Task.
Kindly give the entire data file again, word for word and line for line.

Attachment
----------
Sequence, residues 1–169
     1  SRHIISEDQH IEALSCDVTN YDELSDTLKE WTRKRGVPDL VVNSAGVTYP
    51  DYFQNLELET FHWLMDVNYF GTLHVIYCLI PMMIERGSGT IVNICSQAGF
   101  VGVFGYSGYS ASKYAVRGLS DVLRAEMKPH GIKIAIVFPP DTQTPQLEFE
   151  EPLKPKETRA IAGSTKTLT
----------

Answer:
Sequence, residues 1–169
     1  SRHIISEDQH IEALSCDVTN YDELSDTLKE WTRKRGVPDL VVNSAGVTYP
    51  DYFQNLELET FHWLMDVNYF GTLHVIYCLI PMMIERGSGT IVNICSQAGF
   101  VGVFGYSGYS ASKYAVRGLS DVLRAEMKPH GIKIAIVFPP DTQTPQLEFE
   151  EPLKPKETRA IAGSTKTLT